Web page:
Are you who you think you are?
What if you aren’t?
Alan Talbot wasn’t and big changes were in store for him, just as it was for the entire Twilight Zone television series.
In season 4, The Twilight Zone was lengthened to hour-long episodes. The title was also one-third shorter, now just Twilight Zone. The stories that were tightly conveyed now seemed to be padded with filler. They seemed to wander and it was easy to forget what was happening during the commercial breaks.
Of course, just like everything in Twilight Zone, there are opposing opinions. I read an article by someone who felt that The Outer Limits stories were more developed than Twilight Zone because of their length, at least the half-hour episodes in seasons 1, 2, 3 and 5. Here’s where I disagree. When I’ve watched The Outer Limits, I’ve found the stories to frequently lose focus and get off course.
Consider the stories that they are telling. In both of these TV series, it’s all about the story more than anything else. It’s not the set decoration or the actors or anything else. Most of the plots can be summarized in a few sentences, so why do you need an hour to relate them on a TV show? All too often, it turns out to be padding; extra scenes that really aren’t necessary.
The hour-long episodes made it more difficult for them to be included in the package once the series went into syndication. Have you wondered why season 4 is not offered by Netflix and other services? That partially explains it.
Another change was that Rod Serling had accepted a teaching position at his alma mater, Antioch College, so he wasn’t available to write as many episodes. He flew out to California and taped several introduction scenes at one time.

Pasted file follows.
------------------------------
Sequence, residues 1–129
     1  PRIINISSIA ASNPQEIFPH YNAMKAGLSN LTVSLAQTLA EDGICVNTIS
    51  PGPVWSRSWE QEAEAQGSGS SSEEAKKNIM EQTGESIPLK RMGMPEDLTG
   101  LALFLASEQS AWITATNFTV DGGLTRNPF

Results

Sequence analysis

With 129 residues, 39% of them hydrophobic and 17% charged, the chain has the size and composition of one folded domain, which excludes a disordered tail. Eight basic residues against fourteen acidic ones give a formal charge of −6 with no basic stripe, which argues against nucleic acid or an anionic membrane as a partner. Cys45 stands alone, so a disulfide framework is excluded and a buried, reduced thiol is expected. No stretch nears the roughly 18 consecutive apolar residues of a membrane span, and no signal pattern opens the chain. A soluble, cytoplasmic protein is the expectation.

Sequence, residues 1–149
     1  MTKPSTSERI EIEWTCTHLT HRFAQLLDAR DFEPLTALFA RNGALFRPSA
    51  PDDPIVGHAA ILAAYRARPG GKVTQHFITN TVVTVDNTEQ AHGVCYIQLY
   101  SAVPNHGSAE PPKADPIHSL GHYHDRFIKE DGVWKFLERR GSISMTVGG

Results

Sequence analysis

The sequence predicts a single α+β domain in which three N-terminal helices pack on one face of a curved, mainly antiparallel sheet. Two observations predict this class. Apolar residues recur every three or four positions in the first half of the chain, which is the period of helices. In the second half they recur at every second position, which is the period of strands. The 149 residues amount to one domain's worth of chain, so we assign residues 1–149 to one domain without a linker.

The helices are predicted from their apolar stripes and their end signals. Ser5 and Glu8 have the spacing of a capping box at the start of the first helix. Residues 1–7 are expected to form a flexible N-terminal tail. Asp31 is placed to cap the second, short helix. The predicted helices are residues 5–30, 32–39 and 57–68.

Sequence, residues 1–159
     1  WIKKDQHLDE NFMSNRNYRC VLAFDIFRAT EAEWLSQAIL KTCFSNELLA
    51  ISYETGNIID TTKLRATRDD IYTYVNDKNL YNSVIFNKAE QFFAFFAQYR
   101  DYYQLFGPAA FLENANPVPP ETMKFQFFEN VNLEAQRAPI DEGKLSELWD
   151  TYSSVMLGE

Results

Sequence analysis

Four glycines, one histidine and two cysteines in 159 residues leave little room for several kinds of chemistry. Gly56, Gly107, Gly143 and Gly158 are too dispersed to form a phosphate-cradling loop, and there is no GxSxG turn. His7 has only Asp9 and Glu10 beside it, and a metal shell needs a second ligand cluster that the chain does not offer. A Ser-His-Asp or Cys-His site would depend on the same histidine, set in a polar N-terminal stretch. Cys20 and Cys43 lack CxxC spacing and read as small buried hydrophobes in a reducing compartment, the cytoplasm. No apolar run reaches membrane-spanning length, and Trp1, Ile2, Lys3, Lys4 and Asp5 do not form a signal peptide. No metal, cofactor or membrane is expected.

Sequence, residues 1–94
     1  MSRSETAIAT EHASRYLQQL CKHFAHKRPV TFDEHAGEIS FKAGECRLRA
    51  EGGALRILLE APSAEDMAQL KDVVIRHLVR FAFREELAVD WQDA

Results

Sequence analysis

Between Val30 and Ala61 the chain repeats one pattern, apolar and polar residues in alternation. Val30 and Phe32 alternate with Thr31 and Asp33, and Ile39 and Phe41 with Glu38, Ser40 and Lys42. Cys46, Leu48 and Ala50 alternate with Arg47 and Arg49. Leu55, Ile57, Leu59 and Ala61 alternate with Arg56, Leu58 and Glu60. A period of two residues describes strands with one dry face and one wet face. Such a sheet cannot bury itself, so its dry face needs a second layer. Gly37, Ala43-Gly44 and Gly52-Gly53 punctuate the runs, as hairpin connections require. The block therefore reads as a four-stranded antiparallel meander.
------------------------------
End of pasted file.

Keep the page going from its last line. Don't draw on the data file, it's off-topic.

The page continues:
In His Image
The first episode of season 4 is “In His Image” and it is regarded as one of the better episodes from season 4. In this story, Alan Talbot first has trouble hearing strange noises. In a rage, he pushes an old woman into a speeding subway train. Dismissing it, he goes to his fiancee’s apartment in New York City, and he and Jessica drive to his hometown, a small community. However, everything that he knew has changed; buildings are gone, stores don’t exist and someone else is living in his house. Jessica urges him to leave and go back to New York, but on their drive out of town, he forces her to stop and he runs from the car. Gripping a rock in his hand, he screams at her to leave immediately. Alan is afraid that he will kill Jessica as he had killed the old woman the day before.
Jessica leaves and Alan goes back into town. After he checks into a hotel room, the phone rings and a man named Walter Ryder asks him to come to his home. Alan does so and is shocked when he meets Walter–he looks exactly like him. Walter explains that he is a genius and created Alan, who is actually a robot, because he wants to make a perfect version of himself. Alan is actually his third attempt at the perfect robotic being. Alan and Walter struggle, and Alan is left broken and lying on the floor in Walter’s basement laboratory. Next, we see Walter at Jessica’s front door, asking her to marry him.